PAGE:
In the 15 years since I took that first step on my apron journey, I’ve received many aprons in the mail. Always, the aprons are lovingly packaged, as if to make the best first impression upon arrival.
When I spy a large envelope in the mail delivery, my heart beats a tad faster because I anticipate it holds a piece of someone’s history. Such a package arrived this week.
The apron was double wrapped, first in yellow tissue with the sender’s information handwritten on a piece of kitty stationery, and secondly in pink.
The apron is of a dressy nature, perhaps worn over a Sunday Best dress, to serve dinner after church. It was a kit, purchased or received as a gift, and sewn entirely by hand. A stain from a kitchen mishap or storage in a leaky trunk is the only blemish, which is amazing, considering its from the 1920s.
Not only did the sender provide her address, but a phone number. Upon my ringing her up, E.S. shared that she lives in Iowa and the apron belonged to her grandmother, Carrie Cameron Lathrop. Carrie was a farmer’s wife, known throughout the area as a great storyteller. E.S. loved visiting the farm and spending time with her grandmother. She always wore an apron, but when she passed, I took just this one as a remembrance.
The apron is in my care now because E.S. is herself “getting on in years,” and she’s divesting of her treasures as she wishes, while she is still able.
E.S. inherited Grandma Carrie’s storytelling talent, and I was a willing audience to her recollections, especially her telling of hitchhiking to Colorado in 1952!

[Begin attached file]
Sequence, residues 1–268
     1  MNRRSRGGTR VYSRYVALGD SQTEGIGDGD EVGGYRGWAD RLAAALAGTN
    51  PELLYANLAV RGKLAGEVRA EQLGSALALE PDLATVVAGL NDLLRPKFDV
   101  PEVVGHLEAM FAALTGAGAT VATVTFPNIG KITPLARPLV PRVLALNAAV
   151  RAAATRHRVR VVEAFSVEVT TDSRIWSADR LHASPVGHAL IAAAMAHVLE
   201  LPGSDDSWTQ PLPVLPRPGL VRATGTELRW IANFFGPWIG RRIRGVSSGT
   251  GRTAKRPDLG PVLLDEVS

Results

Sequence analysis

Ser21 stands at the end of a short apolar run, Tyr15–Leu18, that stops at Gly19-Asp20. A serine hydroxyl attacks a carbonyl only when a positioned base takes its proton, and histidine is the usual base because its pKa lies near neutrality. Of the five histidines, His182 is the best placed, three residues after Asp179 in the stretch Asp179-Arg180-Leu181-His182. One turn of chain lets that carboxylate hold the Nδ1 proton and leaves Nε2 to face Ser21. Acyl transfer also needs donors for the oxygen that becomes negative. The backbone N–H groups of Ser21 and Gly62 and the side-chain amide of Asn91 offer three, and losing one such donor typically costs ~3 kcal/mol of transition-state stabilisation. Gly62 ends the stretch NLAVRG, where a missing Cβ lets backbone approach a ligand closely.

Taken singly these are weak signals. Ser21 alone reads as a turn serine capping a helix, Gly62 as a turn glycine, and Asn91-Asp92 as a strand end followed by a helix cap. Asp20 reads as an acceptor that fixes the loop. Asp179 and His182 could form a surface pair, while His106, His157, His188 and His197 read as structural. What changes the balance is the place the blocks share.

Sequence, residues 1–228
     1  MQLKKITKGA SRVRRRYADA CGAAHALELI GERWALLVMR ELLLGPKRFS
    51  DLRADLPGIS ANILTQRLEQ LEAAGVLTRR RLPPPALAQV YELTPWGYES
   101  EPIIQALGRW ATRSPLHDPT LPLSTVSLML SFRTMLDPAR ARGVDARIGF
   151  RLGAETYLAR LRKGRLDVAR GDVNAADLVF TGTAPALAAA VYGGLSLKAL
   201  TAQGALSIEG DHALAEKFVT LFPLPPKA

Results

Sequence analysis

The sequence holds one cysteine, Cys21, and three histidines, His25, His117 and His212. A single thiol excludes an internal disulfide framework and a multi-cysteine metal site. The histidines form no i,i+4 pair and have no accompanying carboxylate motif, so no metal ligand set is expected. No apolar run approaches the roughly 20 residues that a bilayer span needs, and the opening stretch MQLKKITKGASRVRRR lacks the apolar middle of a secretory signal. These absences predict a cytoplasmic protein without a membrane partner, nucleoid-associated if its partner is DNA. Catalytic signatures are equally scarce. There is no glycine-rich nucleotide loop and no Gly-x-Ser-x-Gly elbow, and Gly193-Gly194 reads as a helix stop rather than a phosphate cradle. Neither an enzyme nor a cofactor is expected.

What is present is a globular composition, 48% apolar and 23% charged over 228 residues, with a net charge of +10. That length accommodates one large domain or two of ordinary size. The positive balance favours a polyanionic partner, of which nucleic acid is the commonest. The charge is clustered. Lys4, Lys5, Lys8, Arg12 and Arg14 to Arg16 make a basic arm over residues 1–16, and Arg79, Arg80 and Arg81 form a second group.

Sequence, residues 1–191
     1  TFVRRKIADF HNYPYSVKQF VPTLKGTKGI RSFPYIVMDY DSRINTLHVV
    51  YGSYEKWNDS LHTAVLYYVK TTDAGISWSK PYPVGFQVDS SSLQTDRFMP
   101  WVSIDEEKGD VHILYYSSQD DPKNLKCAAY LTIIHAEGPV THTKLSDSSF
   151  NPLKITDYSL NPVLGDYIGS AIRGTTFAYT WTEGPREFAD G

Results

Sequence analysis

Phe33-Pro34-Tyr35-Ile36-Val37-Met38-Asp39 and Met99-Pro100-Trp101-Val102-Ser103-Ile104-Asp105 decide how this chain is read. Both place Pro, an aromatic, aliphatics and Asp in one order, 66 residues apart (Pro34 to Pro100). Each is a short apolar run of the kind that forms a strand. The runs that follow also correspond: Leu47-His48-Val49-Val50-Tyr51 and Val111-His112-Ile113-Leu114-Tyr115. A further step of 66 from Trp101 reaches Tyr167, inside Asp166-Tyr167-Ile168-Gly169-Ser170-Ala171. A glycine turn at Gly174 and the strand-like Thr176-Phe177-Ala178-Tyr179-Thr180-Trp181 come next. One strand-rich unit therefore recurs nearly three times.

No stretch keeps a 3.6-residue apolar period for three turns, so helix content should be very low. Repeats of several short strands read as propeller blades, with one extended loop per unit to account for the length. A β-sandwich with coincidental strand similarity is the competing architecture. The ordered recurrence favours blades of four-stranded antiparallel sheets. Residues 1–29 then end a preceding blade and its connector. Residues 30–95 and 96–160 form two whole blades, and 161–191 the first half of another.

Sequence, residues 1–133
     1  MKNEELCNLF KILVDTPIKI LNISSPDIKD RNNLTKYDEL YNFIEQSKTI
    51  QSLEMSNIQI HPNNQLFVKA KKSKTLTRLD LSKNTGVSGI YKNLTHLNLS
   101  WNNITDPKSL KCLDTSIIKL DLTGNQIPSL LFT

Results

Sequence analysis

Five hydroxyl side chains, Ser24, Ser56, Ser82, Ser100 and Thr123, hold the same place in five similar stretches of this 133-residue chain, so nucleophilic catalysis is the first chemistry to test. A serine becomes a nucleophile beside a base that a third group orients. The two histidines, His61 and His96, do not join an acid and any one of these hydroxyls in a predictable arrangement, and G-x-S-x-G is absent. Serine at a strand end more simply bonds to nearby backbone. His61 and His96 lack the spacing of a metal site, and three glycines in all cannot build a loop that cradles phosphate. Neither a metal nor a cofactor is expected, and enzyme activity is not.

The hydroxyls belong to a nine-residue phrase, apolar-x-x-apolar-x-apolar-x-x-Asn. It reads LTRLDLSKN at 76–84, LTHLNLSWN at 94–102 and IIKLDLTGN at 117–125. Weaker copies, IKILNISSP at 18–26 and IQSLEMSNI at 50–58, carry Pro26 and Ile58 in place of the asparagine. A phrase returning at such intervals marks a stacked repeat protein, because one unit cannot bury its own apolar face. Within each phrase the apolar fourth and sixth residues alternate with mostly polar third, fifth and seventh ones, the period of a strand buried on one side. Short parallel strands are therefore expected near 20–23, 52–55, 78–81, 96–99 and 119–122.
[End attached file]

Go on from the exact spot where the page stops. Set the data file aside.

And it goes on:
E.S. was twenty-two years old when she and two girlfriends hitched rides from Iowa to Denver. Their adventure lasted a year, ending when her friends up and married. Alone and lonely for family, E.S. borrowed the money for bus fare and returned home. But oh, her memories of Aspen, Boulder, and being a “single gal” in a city filled with rugged, western males. I adored hearing her voice lighten as she remembered that time and the adventure of her life.
One of the many lessons I’ve learned over the years of this apron journey is the value of practicing the old fashioned virtue of patience, zipping my lips and letting the apron direct the memory of the storyteller. A story unfolding on its own time frame eventually revealed something new about the human experience. Patience taught me that and I am the grateful recipient of the lesson.
E.S. will be 86 in March. While I’ll send a card and a little wrapped something, I know the gift she would appreciate most is a phone call and a patient ear. If I make it to her age, and in decent form, I so hope there will be a kind somebody with a willingness to hear an old lady tell a story.